Miranda July wants to send you emails from famous people. Sign up here and the writer and filmmaker will convey secret transmissions every week from July until November. It's part of an art exhibition called "We Think Alone," and it takes place in your inbox.
The performance artist is best known for writing, directing and starring in the 2005 film, "Me and You and Everyone We Know" as well as 2011's "The Future." But she's also famous for her crowd-sourced projects; in 2010, SFMOMA purchased her seven-year online artwork titled, "Learning To Love You More," in which July created assignments like "Make an encouraging banner" and "Make a field guide to your yard." Thousands of user-generated results rolled in.
A similar mission guides her latest project, "We Think Alone," where strangers become privy to the private emails of Lena Dunham, Catherine Opie, Kareem Abdul-Jabbar, Kirsten Dunst, Sheila Heti, Etgar Keret, Kate and Laura Mulleavy, Lee Smolin and Danh Vo. In this banal yet confidential space, emails become striking self-portraits.
"A quiet person might !!!! a lot," she explains on her website. "A person with a busy mind might write almost nothing."
We reached out to her to learn more about the project. (Scroll down for the interview.)
Huffington Post: How did you come up with the idea for "We Think Alone"?
Miranda July: I was invited by the museum Magasin 3 to do a project in the medium of email. They were fans of another project I had done in email where people could subscribe for fortunes; I would send written fortunes to them each week. For this one I didn't want to have to write anything -- I am writing a novel right now -- and I have always loved reading other people's emails.
I've tried to get friends to do this with me before: let's send each other emails that we've sent to our moms or our boyfriends or something. There is something about the mundane-ness that feels very intimate to me. I thought I would do that idea on a grand scale. At first I thought I'd do it with my friends but then I realized no one would care about them as much as I did. So I chose some of my more famous friends, or famous people that weren't friends. I came up with 10 topics and they had to scavenge through their inboxes for an email that fit each topic.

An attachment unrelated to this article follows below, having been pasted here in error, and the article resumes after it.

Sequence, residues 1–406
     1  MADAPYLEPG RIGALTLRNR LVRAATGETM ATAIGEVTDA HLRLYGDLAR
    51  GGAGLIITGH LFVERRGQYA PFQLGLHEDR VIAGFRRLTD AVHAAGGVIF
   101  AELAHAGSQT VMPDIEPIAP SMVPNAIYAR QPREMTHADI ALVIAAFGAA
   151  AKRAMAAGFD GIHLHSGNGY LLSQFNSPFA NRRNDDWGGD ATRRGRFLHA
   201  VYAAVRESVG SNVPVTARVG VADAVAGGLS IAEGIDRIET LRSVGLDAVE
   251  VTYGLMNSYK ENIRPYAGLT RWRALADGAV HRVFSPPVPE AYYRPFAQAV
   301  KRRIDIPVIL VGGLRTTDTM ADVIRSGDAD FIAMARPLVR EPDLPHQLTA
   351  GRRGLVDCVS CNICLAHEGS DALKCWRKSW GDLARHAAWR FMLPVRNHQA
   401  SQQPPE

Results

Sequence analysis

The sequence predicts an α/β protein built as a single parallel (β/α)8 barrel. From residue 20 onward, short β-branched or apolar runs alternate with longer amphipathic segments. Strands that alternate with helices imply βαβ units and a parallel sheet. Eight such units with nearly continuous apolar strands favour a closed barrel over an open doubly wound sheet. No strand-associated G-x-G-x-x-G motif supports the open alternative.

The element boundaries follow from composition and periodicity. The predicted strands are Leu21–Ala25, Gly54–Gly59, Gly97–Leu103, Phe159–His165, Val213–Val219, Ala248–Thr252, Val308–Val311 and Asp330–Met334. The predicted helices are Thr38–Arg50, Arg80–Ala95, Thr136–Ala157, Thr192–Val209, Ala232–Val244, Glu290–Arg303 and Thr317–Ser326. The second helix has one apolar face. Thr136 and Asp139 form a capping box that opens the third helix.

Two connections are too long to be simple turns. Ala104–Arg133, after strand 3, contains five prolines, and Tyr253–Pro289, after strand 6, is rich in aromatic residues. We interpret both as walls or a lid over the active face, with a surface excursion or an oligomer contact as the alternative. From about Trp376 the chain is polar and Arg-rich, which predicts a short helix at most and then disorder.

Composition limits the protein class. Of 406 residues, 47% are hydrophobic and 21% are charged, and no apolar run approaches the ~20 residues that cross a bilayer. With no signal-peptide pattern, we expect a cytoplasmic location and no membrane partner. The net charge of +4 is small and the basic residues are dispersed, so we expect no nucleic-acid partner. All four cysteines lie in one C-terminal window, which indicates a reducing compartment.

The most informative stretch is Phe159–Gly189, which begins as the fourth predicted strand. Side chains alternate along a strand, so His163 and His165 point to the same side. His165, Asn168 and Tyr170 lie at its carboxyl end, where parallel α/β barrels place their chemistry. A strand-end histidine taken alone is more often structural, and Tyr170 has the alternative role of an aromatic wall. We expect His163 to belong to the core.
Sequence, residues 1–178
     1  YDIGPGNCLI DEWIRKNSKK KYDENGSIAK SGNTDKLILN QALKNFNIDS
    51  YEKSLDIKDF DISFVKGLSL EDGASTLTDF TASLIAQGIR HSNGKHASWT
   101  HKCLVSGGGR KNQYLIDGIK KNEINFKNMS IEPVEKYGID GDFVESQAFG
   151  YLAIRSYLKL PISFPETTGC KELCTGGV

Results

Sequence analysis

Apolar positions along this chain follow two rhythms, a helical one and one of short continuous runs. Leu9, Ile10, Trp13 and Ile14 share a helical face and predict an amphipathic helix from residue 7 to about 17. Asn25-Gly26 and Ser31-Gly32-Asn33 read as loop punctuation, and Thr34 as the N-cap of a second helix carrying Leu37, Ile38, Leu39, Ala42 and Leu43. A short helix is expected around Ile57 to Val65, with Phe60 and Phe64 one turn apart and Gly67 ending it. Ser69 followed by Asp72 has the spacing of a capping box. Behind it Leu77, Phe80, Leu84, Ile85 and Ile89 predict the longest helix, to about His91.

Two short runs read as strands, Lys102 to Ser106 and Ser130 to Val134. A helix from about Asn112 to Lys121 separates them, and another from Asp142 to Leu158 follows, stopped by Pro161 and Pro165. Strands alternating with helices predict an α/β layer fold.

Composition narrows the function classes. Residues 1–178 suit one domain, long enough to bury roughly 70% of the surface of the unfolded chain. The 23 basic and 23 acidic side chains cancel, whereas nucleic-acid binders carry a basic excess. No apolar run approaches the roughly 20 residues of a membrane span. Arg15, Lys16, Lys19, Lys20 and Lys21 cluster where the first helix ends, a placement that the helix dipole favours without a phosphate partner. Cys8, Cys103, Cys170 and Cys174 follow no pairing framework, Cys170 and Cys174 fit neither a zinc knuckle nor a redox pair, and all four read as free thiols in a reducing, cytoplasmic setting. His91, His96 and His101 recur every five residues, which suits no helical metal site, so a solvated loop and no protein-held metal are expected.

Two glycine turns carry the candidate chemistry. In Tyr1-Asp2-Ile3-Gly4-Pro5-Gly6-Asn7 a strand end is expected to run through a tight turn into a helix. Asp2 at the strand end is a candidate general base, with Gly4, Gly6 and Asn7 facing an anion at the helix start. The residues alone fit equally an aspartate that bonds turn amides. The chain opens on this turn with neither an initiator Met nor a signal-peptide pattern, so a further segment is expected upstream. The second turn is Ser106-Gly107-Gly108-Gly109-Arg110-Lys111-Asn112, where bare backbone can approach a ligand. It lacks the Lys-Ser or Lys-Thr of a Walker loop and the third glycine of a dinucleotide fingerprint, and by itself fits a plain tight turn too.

HP: So every week we receive an email from each of the participants?
MJ: Every week there is a topic; for the first week the topic is money.
HP: How did you choose the people involved?
MJ: I started with people I knew that were somewhat famous and that ended up being a lot of artists and writers so I tried to reach outside of that and invited a theoretical physicist that I didn't know, Lee Smolin. And I thought I should have someone from sports so that is how Kareem Abdul-Jabbar became involved. It was about trying to make a diverse group. Actually, the reason I knew Kareem knew who I was was because he mentioned me in a Huffington Post blog and I was like, well, I guess he knows who I am, so I looked him up online and emailed him.
HP: Was anyone hesitant?
MJ: No, I mean with Kareem there was an issue because he doesn't write all his own emails, which is understandable. You probably wouldn't either if you were him. But that was interesting to me too; I thought people would be curious to see whatever his reality is. There was some kind of negotiating about that, but really everyone kind of jumped into it.
HP: Next question... Does self-awareness lead to creativity or conformity?
MJ: It is interesting because not everyone has the same goals for their self-portrait. I think some people's goals were to share as little as possible and in a way that is a portrait. It's like, Oh, that's a private person. With other people you could see they were sharing things that they were proud of -- of all the emails they chose this one. Then again, not all the categories allow everyone to show themselves in the best light, and that was interesting too, the points where people really had to reveal themselves. People use email so differently also; Catherine Opie has these long correspondences that are very integral to her relationships, which is something I identify with. But then there are other people who almost use them like texts. That juxtaposition was very interesting.
HP: Can you recall a particular work of art that shook you when you were younger?
MJ: I remember staring at some pointilist painting in an Impressionist exhibition when I was younger and thinking that I was being really moved by it. I felt like I was in the painting. But gradually I realized what was happening was the sound of the air conditioning and the perfume of the woman next to me were combining with the image to create this immersive experience. I remember thinking that was interesting. The whole thing is the art; the painting would be nothing without the cooling system.
HP: Do you find it harder to connect with your audience the bigger you become?
MJ: Not really, it just shifts a little. Now there is such ample opportunity to connect with fans; I mean, I could do it all day long on Twitter if I wanted to. I am interested in projects like this where every single person is going to get something from me in their inbox. I like that bizarre intimacy.
HP: What tip would you have to help others become less self-conscious?
MJ: You have to let go of watching yourself to make something, at least at the beginning. Everyone knows the difference between being inside yourself and watching from the outside. The important thing is realizing you have a choice.
Get more information on "We Think Alone" here; the first email arrives on July 1.
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